Millay in Greenwich Village

Millay in Greenwich Village

Millay in Greenwich Village

Millay in Greenwich Village

Excerpt

My candle burns at both ends;
It will not last the night;
But ah, my foes, and oh, my friends--
It gives a lovely light!

This quatrain, now embedded in the American consciousness, provides a glimpse into the colorful, rebellious personality of one of the most important poets of the twentieth century -- Edna St. Vincent Millay. We can almost envision the slender young woman reciting the poem, her green eyes sparkling and her long auburn hair quietly swishing. Edna Millay captured the freedom, spontaneity, quick wit, and beauty of the Pre- Twenties (1910-20) as no other poet did. She served as a living symbol of women who could live, think, and love as freely as they chose.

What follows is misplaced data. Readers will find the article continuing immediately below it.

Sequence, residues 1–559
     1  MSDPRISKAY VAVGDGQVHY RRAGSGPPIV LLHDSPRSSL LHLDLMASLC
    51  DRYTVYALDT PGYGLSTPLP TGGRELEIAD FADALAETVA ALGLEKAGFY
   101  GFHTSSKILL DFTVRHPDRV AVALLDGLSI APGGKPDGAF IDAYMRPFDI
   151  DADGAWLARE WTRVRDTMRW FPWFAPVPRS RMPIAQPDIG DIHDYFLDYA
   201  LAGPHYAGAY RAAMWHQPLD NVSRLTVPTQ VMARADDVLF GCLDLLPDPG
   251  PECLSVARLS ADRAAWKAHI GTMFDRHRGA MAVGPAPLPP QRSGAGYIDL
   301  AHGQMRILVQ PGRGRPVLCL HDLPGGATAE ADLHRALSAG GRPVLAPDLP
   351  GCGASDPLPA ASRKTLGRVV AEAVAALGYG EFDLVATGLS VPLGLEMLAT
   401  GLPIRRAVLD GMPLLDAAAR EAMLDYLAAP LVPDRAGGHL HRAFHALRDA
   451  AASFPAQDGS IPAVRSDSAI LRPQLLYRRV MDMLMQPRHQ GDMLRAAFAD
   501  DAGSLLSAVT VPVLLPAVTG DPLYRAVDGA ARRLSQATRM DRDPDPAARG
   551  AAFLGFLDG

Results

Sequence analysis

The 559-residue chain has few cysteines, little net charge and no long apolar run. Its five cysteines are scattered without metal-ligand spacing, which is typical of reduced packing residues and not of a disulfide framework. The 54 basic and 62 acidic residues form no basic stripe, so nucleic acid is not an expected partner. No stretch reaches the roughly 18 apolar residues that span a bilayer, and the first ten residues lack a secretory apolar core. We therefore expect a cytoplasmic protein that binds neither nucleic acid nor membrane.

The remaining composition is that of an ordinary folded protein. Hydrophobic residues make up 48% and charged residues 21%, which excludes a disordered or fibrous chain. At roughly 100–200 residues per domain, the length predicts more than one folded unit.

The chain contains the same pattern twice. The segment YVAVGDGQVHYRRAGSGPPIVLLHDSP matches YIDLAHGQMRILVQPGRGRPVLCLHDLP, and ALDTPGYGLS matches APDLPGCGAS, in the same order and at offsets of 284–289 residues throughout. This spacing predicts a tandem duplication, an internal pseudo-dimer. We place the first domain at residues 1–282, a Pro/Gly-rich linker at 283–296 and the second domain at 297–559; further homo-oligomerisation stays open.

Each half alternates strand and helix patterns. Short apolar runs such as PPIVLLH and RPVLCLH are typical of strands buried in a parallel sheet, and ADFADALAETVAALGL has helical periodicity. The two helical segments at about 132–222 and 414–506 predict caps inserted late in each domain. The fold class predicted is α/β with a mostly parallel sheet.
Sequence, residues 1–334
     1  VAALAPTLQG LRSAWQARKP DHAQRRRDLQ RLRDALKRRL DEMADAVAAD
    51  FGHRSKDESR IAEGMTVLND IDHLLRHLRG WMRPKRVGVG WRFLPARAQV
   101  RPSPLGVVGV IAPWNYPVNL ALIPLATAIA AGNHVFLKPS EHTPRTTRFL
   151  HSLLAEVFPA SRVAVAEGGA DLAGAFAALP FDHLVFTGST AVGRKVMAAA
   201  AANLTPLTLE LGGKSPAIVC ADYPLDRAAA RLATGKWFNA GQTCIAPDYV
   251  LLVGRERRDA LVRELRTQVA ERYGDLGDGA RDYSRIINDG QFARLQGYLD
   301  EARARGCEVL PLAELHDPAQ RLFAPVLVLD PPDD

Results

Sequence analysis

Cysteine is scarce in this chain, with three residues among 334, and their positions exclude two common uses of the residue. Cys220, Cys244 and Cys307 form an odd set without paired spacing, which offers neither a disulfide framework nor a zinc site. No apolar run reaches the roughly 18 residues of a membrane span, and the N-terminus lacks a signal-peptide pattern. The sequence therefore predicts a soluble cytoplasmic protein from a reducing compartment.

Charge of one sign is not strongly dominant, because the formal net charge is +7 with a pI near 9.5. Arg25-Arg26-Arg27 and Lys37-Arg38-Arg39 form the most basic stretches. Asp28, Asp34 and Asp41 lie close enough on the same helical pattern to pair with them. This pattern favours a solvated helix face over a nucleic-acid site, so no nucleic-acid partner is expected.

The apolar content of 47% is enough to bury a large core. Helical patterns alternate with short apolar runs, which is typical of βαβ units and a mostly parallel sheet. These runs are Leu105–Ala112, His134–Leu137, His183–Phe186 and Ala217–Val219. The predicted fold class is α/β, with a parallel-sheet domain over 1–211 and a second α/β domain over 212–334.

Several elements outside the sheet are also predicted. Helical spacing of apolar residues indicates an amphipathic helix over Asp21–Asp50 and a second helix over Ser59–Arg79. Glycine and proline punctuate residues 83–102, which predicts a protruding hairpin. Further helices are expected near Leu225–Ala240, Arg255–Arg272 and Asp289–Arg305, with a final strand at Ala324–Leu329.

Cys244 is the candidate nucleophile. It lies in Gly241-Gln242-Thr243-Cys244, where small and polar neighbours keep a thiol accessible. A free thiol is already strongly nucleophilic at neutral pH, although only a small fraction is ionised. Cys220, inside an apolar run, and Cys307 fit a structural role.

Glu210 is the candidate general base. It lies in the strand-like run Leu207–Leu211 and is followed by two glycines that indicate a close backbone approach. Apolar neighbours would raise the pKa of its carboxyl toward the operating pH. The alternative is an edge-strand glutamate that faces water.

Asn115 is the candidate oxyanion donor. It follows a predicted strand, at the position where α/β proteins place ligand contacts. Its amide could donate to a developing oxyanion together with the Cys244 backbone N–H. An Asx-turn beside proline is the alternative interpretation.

Scattered throughout Millay's life were an array of lovers, series of all-night parties in the Village and on the Left Bank, brief stays in jail for political protest, involvements in women's rights movements, moments of ecstasy at Beethoven concerts. But Millay also had her "nunlike" side. She spent endless hours, days, years searching for the perfect word to complete a poem; she suffered headaches and general poor . . .

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